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Medicare (Dis)Advantage

I am sure many of you over 65 have seen advertisements for Medicare Advantage plans, which offer a privatized managed version of Medicare often touted as less expensive with a wider array of benefits. Enrollment in these plans have doubled over the past decade for these purported reasons. Many of you have called us asking us our opinion about joining one. The Office of the Inspector General within the Health & Human Services Department recently issued a report detailing how these plans have denied medically necessary tests, treatments and services. The report states that 13% of all denied requests would have been covered under traditional Medicare. Given the fact that government pays a fixed fee per patient to the Medicare Advantage plan, there are clearly incentives to deny claims or requests to maximize profits. We firmly stand behind traditional Medicare as the best form of heath insurance for those of you Medicare-eligible. Moreover, many of the Advantage plans require your PCP to be a “gatekeeper” for tests and referrals which would exclude us from being able to serve as your physician since we opt out of Medicare. Please feel free to contact us if you have any questions regarding these issues.

 

Lung Cancer Screening

As I am sure you have experienced, we make it a priority in our practice to screen for cancer—colon, cervical/breast, prostate, skin to name a few. We also make it a priority to screen for other cancers on an individualized basis given risk factors—genetics or behaviors. Lung cancer is the leading cause of cancer-related death in the United States, with smoking being the overwhelming risk factor for its development. Obviously, stopping smoking is the best preventative measure to decrease risk and mortality. But what about those who are unwilling or unable to stop, or those who have recently stopped? While studies looking at annual chest x-rays failed to reduce cancer incidence or mortality, recent well-done studies using annual low-dose CT scanning clearly demonstrate a reduction in lung cancer deaths and an additional improvement in all-cause mortality. We are recommending for those 50-80 years of age, with at least a 20 pack-year history of smoking (1 pack per day for 20 years) or having stopped within 15 years, to undergo annual chest CT scanning for lung cancer. Though we will often discuss this at your annual physical, if you would like to discuss sooner please feel free to call us. And remember, stopping smoking is the best preventative measure for preventing lung cancer mortality!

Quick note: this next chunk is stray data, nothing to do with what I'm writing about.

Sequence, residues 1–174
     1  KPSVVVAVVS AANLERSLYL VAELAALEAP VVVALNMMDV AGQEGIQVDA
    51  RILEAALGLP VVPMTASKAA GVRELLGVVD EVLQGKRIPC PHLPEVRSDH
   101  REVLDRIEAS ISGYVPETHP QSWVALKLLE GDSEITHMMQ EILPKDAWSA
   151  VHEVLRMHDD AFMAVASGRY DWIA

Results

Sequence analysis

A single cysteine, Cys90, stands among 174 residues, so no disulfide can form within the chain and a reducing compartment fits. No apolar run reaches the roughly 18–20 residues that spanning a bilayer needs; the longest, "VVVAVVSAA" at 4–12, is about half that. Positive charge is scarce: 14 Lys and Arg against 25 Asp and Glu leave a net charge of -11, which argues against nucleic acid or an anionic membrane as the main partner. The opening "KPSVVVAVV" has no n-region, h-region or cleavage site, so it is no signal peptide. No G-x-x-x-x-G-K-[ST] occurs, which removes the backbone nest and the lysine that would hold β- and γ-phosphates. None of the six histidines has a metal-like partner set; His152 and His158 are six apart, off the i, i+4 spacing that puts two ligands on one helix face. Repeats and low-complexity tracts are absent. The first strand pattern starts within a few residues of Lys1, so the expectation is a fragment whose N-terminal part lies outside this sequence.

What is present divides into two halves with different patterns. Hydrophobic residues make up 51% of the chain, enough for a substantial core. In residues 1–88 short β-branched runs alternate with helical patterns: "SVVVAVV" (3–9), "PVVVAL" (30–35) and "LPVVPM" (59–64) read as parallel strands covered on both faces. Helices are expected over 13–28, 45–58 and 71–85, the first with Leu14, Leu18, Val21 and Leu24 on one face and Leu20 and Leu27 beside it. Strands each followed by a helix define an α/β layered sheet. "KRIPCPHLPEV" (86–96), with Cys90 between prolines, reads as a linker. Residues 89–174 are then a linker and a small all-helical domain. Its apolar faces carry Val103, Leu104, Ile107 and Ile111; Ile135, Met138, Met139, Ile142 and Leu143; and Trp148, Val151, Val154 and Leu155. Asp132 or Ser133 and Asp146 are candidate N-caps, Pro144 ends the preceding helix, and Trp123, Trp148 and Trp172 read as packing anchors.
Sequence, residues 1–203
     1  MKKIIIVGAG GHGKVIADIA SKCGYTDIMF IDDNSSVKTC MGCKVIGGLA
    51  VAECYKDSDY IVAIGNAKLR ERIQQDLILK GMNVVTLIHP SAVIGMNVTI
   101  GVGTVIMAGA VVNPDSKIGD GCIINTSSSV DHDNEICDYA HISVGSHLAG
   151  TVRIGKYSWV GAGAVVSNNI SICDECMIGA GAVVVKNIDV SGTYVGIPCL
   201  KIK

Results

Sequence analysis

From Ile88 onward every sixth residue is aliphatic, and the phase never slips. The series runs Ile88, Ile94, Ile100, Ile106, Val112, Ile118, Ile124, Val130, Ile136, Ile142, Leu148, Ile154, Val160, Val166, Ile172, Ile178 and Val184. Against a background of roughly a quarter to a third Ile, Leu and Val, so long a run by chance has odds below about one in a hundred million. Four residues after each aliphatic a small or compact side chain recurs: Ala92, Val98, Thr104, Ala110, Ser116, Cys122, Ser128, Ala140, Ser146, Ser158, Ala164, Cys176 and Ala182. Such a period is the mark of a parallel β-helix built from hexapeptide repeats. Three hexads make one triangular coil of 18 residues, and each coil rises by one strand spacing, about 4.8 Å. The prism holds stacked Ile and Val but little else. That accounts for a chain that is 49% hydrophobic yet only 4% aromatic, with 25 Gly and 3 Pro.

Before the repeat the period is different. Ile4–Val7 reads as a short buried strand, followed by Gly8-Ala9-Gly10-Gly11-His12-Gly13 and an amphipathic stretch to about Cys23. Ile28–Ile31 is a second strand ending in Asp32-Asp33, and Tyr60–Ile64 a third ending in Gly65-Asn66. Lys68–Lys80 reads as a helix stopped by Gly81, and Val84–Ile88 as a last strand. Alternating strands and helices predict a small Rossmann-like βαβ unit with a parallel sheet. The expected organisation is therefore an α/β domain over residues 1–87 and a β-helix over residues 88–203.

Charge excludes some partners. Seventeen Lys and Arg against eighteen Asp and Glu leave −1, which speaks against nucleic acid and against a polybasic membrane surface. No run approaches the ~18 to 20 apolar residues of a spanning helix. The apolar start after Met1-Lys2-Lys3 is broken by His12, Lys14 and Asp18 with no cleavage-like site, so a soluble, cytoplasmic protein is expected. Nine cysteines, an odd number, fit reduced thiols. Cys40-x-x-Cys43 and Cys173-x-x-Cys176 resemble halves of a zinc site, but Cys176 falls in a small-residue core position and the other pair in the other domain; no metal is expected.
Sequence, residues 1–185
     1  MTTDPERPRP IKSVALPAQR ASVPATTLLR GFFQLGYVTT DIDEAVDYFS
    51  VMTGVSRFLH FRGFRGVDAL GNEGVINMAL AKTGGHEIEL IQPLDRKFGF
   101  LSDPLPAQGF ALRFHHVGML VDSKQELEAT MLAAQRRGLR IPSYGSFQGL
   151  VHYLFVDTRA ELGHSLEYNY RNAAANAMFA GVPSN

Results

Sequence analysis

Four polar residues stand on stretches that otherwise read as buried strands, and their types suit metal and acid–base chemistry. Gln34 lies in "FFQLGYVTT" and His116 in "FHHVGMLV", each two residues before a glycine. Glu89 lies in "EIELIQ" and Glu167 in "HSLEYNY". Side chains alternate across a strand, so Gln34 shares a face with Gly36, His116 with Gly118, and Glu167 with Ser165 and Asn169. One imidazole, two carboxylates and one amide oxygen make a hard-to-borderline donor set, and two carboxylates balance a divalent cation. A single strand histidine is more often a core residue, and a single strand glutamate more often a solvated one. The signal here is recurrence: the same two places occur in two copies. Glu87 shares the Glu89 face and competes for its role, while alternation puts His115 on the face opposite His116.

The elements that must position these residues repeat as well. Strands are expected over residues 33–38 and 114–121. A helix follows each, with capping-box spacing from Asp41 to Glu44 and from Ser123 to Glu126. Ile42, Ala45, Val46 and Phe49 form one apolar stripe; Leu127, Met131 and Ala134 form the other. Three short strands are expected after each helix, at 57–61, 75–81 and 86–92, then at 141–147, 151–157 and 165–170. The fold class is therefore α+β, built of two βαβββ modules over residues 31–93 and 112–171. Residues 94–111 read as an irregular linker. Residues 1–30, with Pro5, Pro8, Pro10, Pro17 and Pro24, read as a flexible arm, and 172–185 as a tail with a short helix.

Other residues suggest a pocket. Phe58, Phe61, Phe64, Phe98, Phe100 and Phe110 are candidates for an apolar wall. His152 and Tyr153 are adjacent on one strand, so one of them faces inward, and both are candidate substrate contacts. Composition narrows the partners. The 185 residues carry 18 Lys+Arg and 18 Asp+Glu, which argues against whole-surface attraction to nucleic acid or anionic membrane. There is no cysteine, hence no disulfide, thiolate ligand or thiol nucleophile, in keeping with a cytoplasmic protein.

COVID Update

COVID cases are up substantially in our practice in the last 2 weeks. The virus is wide spread in Missouri and in the U.S. The new variants are substantially more contagious than omicron. Hospital rates, while relatively low comparatively, have risen 18% in the last week. Here are some take-aways:

  • Wear a high quality mask-- such as N95/KN95/KF94-- when indoors in public, particularly in crowded, poorly-ventilated spaces.

  • Try to socialize outdoors to reduce your risk, particularly for meals.

  • Rapid COVID testing often takes 3-5 days to test positive after symptom onset. A negative rapid test does not mean that you do not have COVID.